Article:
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Indoctrination U By: Bernard Chapin
FrontPageMagazine.com | Monday, March 05, 2007


[Editors' note: Frontpagemag.com is proud to announce the release of David Horowitz's latest book Indoctrination U: The Left's War Against Academic Freedom, published last  week by Encounter Books. Below is Bernard Chapin's interview with the author.]

Bernard Chapin: Let me ask you first about your new book, Indoctrination U: The Left’s War Against Academic Freedom. For those of us already familiar with your oeuvre, what do these pages offer which we have not heard before? What’s new here?

David Horowitz: First, this book describes the campaign we are waging on 160 campuses and our success in transforming the academic freedom policies of two major universities. It also describes our efforts in K-12 schools. Second, it is the first time I have described the indoctrination that regularly takes place in liberal arts colleges across the nation. Third, it describes the vicious campaign radicals have waged against the campaign and myself and, as I point in the introduction, is really a case study in the underhanded methods of the political left.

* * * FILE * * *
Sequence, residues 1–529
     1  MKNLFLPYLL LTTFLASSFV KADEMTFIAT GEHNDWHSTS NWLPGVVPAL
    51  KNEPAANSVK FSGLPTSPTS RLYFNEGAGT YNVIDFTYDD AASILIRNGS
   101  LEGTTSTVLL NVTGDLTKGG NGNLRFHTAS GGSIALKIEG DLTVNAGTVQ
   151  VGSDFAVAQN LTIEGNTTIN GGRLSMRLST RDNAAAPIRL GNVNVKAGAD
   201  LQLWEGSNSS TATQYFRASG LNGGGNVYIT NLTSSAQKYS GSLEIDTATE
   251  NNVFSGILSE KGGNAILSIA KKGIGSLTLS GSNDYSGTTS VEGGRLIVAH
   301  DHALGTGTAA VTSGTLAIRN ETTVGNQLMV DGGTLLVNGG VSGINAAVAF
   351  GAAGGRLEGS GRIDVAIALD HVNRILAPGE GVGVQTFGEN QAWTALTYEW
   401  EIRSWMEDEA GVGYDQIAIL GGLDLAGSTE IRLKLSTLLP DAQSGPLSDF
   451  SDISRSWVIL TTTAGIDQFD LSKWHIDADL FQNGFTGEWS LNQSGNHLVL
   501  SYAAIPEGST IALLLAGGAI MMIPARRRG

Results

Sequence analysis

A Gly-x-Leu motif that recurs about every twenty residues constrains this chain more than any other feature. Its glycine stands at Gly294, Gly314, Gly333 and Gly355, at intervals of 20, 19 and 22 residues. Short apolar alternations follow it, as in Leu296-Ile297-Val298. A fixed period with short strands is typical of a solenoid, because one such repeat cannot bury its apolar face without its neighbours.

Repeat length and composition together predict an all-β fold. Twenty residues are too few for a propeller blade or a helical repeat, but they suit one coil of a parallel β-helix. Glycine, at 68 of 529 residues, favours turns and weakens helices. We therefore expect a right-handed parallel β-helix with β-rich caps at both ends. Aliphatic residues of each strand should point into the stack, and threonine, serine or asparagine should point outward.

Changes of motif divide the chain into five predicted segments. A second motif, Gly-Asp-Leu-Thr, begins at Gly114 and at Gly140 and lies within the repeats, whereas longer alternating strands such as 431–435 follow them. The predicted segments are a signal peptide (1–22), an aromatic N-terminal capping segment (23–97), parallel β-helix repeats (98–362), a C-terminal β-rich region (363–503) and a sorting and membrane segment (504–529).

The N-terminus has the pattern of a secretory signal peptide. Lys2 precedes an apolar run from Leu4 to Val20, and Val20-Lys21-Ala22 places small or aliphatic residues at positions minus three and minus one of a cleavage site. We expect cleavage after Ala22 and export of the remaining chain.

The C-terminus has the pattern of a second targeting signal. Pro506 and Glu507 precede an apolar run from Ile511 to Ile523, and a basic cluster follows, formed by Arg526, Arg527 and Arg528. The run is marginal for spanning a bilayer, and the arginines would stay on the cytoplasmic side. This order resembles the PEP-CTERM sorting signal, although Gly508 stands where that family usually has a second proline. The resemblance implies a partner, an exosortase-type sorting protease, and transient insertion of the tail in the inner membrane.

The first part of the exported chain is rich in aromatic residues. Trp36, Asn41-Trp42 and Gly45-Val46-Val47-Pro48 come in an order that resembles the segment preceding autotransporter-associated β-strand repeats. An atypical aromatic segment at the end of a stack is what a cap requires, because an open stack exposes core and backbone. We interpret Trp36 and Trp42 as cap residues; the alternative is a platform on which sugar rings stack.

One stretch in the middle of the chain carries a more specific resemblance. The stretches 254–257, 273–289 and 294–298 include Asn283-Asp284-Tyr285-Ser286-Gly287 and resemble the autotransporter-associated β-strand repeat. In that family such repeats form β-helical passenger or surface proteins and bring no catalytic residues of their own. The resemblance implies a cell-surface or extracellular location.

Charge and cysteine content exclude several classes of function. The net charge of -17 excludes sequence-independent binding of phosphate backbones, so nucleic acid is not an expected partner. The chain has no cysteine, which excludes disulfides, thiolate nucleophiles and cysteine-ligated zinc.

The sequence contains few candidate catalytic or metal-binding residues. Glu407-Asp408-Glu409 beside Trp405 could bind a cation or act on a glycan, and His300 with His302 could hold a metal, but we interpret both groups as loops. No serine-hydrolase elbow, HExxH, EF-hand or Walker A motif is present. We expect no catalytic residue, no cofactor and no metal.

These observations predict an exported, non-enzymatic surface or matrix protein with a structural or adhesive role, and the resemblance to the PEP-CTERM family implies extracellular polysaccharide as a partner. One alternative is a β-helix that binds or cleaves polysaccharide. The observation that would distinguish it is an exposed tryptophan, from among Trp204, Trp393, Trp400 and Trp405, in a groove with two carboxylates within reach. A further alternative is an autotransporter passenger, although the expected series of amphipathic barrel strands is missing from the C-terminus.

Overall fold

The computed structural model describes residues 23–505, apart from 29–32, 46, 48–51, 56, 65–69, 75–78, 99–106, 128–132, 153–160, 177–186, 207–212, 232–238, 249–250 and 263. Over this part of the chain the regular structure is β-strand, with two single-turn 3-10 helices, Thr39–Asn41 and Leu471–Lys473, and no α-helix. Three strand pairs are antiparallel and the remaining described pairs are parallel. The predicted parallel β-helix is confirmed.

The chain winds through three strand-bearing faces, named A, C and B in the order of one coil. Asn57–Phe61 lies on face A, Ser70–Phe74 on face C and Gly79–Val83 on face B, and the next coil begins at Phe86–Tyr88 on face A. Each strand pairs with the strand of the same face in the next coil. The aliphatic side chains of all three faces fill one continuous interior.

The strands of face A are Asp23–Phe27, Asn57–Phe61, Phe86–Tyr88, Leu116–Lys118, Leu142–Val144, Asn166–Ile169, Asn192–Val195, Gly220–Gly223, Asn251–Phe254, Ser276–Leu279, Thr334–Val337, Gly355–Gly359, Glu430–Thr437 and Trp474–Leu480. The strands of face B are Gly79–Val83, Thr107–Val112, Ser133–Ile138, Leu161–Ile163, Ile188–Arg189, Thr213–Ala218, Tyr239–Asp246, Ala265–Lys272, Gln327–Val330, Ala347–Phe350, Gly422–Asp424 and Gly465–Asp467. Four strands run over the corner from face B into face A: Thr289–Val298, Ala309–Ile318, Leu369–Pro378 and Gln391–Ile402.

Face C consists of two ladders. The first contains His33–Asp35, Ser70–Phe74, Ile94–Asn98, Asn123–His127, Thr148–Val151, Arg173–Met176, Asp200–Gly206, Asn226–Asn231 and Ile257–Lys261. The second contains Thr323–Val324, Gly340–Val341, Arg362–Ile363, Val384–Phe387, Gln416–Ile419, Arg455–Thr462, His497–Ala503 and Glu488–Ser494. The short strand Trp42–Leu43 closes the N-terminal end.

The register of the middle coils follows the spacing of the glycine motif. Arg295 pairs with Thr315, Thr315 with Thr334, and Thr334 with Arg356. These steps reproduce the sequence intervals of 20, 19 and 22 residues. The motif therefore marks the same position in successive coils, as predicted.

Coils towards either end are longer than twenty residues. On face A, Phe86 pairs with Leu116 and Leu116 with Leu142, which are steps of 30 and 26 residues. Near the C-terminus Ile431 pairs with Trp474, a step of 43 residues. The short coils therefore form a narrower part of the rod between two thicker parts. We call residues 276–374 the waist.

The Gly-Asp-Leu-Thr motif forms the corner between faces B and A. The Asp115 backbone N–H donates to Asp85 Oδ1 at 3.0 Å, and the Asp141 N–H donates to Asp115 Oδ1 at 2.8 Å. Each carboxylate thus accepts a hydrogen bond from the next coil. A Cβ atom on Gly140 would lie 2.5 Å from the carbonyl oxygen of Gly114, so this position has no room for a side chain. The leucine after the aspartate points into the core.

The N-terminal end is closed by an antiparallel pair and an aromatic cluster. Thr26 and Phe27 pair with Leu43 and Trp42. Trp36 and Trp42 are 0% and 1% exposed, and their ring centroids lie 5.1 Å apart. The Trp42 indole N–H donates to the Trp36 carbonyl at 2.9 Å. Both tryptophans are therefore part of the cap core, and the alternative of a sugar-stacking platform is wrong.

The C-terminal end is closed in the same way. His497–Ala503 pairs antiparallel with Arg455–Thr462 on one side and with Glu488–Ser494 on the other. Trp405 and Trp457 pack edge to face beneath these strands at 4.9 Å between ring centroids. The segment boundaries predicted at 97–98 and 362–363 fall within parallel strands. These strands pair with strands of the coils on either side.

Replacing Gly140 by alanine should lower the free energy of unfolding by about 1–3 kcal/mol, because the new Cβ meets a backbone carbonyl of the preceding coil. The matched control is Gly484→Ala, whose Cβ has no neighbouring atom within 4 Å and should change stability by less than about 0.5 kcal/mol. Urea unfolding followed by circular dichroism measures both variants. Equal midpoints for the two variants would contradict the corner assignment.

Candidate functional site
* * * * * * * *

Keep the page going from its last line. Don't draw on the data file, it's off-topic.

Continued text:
BC: In terms of your efforts with The Academic Bill of Rights, how successful has the campaign for its passage been? In Indoctrination U you indicate that having it passed by a legislative body was not your real goal. Can you explain how else it can have an impact on the academy?

                                                                                                                                 

DH: My legislative efforts were only to get attention for the issue itself. I never sponsored actual laws, only “resolutions” that would send a signal to administrators that they better put their houses in order. My agenda was always to get universities to 1) put good academic freedom policies in place; 2) make them student-specific; and 3) enforce them. In the book I describe how we got two major universities, Penn State and Temple to do just that. 

 

BC: You include the full text of The Academic Bill of Rights in an appendix in the back of the book. I found it a surprisingly innocuous document. A portion states, “No faculty shall be hired or fired or denied promotion or tenure on the basis of their political or religious beliefs.” Given the diplomatic nature of such a statement, how has the left been able to brand you [once again] as a McCarthyist? Might it have something to do with the The Professors subtitle of The 101 Most Dangerous Academics in America?”